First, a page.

- Agreed-upon sanctioning capabilities. While external sanctions or imposed sanctioning systems may reduce cooperation, when participants themselves agree to a sanctioning system they frequently do not need to use sanctions at a high volume and net benefits can be improved substantially.
Again and again, these are behaviors that supply chain stakeholders experience and demonstrate. As with most complex adaptive systems these behaviors are duplicated across very different scales of time and space: immediate and local to durable and global. These interactions are most often entirely private-private, occasionally facilitated by civic organizations such as associations or academic institutions. Governments can play a role, especially in convening and facilitating. But self-restraint is especially difficult for public sector players when crises unfold. Secretary Raimondo’s sense of urgency is not inappropriate. It is uncertain of best targets. It may also underestimate solution-paths already underway. (But the read-out of last week’s semiconductor consultation and a few quick conversations with participants suggests reality is not yet rejected and may even be, reluctantly, increasingly accepted.)
Current production capacity almost always reflects recent demand velocities. Sudden spikes in demand velocity are usually observed with considerable skepticism. Production capacity — especially for something as sophisticated as semiconductors — does not come cheap. No one wants to over-invest in a passing fad or soon-to-disappear legacy. But sustained effectual demand is an effective motivator.
The pandemic’s Great Interruption continues to disrupt current supply capacity for semiconductors even as it accelerates and diversifies demand. It has been clear for nearly one year that much of this demand is durable and worth accelerated investment in capacity expansion. These investments are being made (here and here and here and here). Will new supply sources close the gap by this Christmas? No. By New Years Day 2023? Maybe. Are there ways that current capacity could be further streamlined, rationalized, prioritized — something — to reduce the current gap? Yes. Many efforts are already underway.
Is there a helpful role for the public sector? Yes. But probably not by attempting a forensic analysis of a complex adaptive system and then developing an intervention strategy (please see Sugden supra). Flow mapping is something very different. Government fiscal and monetary policies have already amplified aspects of demand surge. These interventions are softening, so public sector help has already started. State and federal policies can probably nudge a bit more onshoring of production capacity. I don’t see many wise opportunities for expediting expansion of production capacity. Unwise opportunities are always available, but marginal or unlikely rewards do not justify certain significant risks.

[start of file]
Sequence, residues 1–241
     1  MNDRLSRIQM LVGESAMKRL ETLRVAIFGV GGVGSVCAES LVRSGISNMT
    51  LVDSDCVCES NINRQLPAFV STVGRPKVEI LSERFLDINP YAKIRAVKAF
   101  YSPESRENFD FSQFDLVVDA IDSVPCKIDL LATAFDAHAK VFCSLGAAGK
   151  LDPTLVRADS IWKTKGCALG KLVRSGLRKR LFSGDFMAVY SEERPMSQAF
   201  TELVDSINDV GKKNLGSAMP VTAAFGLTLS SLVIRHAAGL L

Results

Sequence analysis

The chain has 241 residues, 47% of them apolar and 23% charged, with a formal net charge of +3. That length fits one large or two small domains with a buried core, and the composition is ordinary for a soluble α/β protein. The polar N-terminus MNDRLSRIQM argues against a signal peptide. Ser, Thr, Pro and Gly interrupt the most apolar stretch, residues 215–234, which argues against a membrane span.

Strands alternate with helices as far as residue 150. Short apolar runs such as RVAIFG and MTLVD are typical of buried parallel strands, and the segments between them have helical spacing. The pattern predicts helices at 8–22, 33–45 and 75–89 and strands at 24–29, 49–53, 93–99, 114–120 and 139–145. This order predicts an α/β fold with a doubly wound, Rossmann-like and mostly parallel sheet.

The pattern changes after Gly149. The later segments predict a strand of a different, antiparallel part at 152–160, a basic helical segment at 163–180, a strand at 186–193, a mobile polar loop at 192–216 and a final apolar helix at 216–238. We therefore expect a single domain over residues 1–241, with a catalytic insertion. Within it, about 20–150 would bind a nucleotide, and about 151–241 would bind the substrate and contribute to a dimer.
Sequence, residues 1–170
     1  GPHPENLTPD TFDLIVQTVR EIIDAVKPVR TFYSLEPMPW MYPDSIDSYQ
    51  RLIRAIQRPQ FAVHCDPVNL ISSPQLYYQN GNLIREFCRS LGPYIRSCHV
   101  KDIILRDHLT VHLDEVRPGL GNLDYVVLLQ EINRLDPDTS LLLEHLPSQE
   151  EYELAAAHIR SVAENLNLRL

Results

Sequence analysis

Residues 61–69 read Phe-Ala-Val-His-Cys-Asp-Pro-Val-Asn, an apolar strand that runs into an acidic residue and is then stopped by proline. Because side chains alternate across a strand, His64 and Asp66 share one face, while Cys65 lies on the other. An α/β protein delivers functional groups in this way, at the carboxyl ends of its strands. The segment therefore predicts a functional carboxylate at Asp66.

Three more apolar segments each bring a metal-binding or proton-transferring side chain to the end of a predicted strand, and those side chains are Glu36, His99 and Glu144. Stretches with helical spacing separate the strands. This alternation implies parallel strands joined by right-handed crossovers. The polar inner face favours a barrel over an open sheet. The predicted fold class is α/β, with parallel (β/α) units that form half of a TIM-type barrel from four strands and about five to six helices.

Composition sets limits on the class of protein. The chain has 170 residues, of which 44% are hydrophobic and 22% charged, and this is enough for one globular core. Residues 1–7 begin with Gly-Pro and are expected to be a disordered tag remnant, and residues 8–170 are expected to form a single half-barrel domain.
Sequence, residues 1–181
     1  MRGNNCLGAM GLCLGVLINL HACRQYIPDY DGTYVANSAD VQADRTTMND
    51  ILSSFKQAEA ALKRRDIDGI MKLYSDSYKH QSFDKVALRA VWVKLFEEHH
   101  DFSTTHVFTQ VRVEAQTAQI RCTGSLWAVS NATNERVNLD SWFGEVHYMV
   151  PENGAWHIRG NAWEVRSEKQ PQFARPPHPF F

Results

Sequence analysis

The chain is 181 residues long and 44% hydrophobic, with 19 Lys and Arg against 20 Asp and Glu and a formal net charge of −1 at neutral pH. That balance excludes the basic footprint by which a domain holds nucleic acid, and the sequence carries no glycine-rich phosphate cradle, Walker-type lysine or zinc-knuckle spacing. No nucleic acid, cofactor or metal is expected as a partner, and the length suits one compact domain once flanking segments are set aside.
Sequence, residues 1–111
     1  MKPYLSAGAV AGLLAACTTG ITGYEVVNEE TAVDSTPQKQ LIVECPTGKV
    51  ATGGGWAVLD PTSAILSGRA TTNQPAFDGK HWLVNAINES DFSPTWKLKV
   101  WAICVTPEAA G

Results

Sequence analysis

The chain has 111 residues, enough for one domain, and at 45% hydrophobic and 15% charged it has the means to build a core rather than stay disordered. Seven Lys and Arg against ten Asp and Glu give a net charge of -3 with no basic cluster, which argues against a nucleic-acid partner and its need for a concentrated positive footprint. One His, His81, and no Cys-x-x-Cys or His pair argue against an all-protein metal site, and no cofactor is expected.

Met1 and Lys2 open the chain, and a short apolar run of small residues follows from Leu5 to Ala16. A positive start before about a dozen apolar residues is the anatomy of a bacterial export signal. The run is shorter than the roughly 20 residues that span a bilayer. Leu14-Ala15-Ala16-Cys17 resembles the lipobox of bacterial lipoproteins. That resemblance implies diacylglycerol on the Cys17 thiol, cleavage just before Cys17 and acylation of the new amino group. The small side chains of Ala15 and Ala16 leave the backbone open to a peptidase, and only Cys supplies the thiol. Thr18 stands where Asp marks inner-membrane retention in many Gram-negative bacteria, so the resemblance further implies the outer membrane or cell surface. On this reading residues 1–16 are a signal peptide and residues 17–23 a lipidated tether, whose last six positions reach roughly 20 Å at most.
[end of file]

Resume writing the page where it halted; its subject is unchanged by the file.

If undertaken with skill, insight, and appropriate restraint, the public sector can play an important role convening and facilitating the six characteristics of effective problem-solving that Ostrom has highlighted. There is a rich literature of many more rigorously researched and confirmed attributes of stakeholder problem-solving. I wish Dr. Ostrom was still with us to advise. But there is plenty of expertise available, if asked.
Toward the close of her Nobel Prize lecture, Dr. Ostrom sets out an action orientation and a series of fundamental questions:
… humans have a more complex motivational structure and more capability to solve social dilemmas than posited in earlier rational-choice theory. Designing institutions to force (or nudge) entirely self-interested individuals to achieve better outcomes has been the major goal posited by policy analysts for governments to accomplish for much of the past half century. Extensive empirical research leads me to argue that instead, a core goal of public policy should be to facilitate the development of institutions that bring out the best in humans. We need to ask how diverse polycentric institutions help or hinder the innovativeness, learning, adapting, trustworthiness, levels of cooperation of participants, and the achievement of more effective, equitable, and sustainable outcomes at multiple scales.
The set of questions recently posed by the Department of Commerce implies that many supply chain stakeholders must be idiots or are too greedy or short-sighted or functionally incompetent or… something needing government guidance — to make choices consistent with their long-term self-interest and the public good. The questions imply that if the government receives honest answers, the government will be able to craft a rational solution. At least to me this reveals a Newtonian confidence poorly calibrated to a much more Quantum context. Continued private-private and private-public conversations can be very constructive. Please trash the hubris.